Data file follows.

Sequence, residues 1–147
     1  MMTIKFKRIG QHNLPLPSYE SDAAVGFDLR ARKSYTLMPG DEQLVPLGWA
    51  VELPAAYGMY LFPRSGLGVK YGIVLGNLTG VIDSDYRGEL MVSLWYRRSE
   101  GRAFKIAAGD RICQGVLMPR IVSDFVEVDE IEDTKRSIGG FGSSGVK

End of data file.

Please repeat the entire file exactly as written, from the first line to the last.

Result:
Sequence, residues 1–147
     1  MMTIKFKRIG QHNLPLPSYE SDAAVGFDLR ARKSYTLMPG DEQLVPLGWA
    51  VELPAAYGMY LFPRSGLGVK YGIVLGNLTG VIDSDYRGEL MVSLWYRRSE
   101  GRAFKIAAGD RICQGVLMPR IVSDFVEVDE IEDTKRSIGG FGSSGVK